We’ll explore how this “shy, solitary, taciturn sort of man” would walk down through the woods to the not-yet-created Riverside Park and his observations on Manhattan’s development and the end of its rural, spacious charm.

This presentation, from 6:30 to 7:45 pm, is a partnership with Landmark West! There’s a special discount price for Ephemeral New York readers, who can sign up via the link below.

Edgar Allan Poe is a favorite of mine, and this site has many posts covering how New York inspired him and the imprint he left on the city. Hope to see many Ephemeral readers there!

A 1970s yellow store sign hangs on in Midtown

October 29, 2018

How long has Phil’s Stationery been at 9 East 47th Street, a low-rise gritty stretch between the gleaming towers and hotels north of Grand Central Terminal?

I’m not sure, but that mac and cheese yellow sign with the partly cursive lettering feels like it’s from the early 1970s.

Something’s missing from it, though. The sign used to say “Zerox Copies.”

In the last decade, as 47th Street went from the edge of the Diamond District to a side street adjacent to Little Brazil, that charming misspelling was removed.

A hidden city park named for a murdered activist

October 29, 2018

Walk to the far end of East 51st Street, past the bishop’s crook lamppost of lovely Beekman Place, and you’ll find yourself at a dead end blocked off by a cast iron fence.

The high, spectacular views of the East River are enchanting. But there’s more to this spot than immediately meets the eye.

To your left beside the Gothic-style entrance of a prewar apartment building, you’ll see the beginning of a stairway—then steep steps surrounded by brownstone. They’re like a portal to a mysterious part of Turtle Bay few know about or visit.

The steps take you to Peter Detmold Park, a quiet strip of gazebos, park benches, and a dog run beside the river, with trees partly shielding the FDR Drive.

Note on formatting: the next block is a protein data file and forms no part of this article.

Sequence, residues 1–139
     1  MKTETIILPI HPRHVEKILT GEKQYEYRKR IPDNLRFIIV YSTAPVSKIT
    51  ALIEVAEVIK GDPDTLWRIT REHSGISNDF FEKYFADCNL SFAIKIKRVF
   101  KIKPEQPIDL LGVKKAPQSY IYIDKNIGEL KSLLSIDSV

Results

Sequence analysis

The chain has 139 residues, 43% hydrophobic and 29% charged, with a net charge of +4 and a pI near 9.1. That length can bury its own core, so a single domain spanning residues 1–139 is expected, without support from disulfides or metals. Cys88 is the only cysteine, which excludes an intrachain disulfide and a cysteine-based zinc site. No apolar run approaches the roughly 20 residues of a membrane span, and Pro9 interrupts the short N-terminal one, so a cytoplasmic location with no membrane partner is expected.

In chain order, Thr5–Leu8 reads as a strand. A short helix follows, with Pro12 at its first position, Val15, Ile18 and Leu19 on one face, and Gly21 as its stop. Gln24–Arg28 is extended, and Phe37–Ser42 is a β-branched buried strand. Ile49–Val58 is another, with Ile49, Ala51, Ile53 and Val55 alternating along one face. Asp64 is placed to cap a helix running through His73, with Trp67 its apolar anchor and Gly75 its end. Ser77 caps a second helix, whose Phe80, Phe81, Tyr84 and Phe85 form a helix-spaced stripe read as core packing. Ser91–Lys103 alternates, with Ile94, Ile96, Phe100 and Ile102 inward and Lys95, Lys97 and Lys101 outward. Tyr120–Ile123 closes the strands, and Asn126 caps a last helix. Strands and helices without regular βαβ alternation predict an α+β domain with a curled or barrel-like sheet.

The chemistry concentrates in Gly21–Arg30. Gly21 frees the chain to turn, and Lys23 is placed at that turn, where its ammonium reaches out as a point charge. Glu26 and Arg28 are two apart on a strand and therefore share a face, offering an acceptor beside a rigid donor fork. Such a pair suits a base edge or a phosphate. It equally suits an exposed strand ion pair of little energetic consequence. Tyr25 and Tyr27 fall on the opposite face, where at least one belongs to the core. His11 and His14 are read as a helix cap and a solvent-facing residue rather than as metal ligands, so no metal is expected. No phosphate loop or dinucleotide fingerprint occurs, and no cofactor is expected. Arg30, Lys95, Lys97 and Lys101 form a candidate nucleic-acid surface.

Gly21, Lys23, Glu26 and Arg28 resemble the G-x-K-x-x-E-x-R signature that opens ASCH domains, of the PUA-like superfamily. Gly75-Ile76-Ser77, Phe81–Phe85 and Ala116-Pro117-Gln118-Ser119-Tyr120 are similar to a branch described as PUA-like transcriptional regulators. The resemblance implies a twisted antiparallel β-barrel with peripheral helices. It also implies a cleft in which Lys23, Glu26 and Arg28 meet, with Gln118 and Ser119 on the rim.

The serenity of this hidden park stands in contrast to the tragedy that inspired its name.

Peter Detmold (below) was a World War II veteran who made his home in Turtle Bay Gardens, the beautifully restored brownstones spanning East 48th and East 49th Streets between Second and Third Avenues.

As president of the Turtle Bay Association, he led the fight in the 1960s and early 1970s to preserve the character of the neighborhood.

“When landowners began to rent out office space in residentially zoned areas, Detmold defended the rights of tenants and homeowners, protecting the quiet, neighborly spirit of the area, now a designated historic district,” states the NYC Parks website.

But Detmold’s time as a community activist was cut short.

On the night of January 6, 1972, after walking home from a Turtle Bay Association meeting with two colleagues, Detmold was murdered in the stairwell of his apartment building.

“According to police reports, the 48-year-old Detmold was stabbed as he entered his five-story walk-up building,” explained Pamela Hanlon in her book, Manhattan’s Turtle Bay: The Story of a Midtown Neighborhood.

“He struggled to reach his top-floor apartment, but collapsed on the stairwell, where a neighbor found him. He was pronounced dead on arrival at Bellevue Hospital.”

The park was named for Detmold later that year. Almost half a century later, his murder remains unsolved.

[Third photo: Getty]

The Spring Street station and a superhero logo

October 29, 2018

The Spring Street subway station is one of the original 28 IRT stations to open in October 1904. And like the rest, the platform is decorated with mosaic name tablets, rosettes and wreaths, and cartouches.

Every time I ride through this little station on the 6 train, I can’t help but notice that the S in the cartouche looks a lot like the S in the shield emblazoned on Superman’s chest.

Coincidence? Probably.

But just for the record, Superman first appeared with a similar-looking S shield in the 1930s, a good 30 years after the Spring Street station opened.

It wouldn’t be the first time New York City inspired a superhero’s creators. Batman’s Gotham City sure appears to bear a big resemblance to our Gotham.